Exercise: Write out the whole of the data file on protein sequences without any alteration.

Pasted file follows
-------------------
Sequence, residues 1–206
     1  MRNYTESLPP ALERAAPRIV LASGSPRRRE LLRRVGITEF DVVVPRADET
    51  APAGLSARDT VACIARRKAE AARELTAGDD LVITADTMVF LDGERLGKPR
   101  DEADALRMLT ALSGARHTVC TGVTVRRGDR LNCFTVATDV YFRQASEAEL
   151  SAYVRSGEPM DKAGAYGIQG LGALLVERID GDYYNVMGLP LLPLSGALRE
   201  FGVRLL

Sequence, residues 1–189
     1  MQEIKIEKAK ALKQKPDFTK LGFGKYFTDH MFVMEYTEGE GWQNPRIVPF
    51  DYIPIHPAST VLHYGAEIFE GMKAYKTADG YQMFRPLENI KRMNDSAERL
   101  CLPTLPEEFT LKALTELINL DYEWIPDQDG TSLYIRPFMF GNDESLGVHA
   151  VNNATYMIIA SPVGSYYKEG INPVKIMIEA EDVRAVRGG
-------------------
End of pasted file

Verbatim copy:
Sequence, residues 1–206
     1  MRNYTESLPP ALERAAPRIV LASGSPRRRE LLRRVGITEF DVVVPRADET
    51  APAGLSARDT VACIARRKAE AARELTAGDD LVITADTMVF LDGERLGKPR
   101  DEADALRMLT ALSGARHTVC TGVTVRRGDR LNCFTVATDV YFRQASEAEL
   151  SAYVRSGEPM DKAGAYGIQG LGALLVERID GDYYNVMGLP LLPLSGALRE
   201  FGVRLL

Sequence, residues 1–189
     1  MQEIKIEKAK ALKQKPDFTK LGFGKYFTDH MFVMEYTEGE GWQNPRIVPF
    51  DYIPIHPAST VLHYGAEIFE GMKAYKTADG YQMFRPLENI KRMNDSAERL
   101  CLPTLPEEFT LKALTELINL DYEWIPDQDG TSLYIRPFMF GNDESLGVHA
   151  VNNATYMIIA SPVGSYYKEG INPVKIMIEA EDVRAVRGG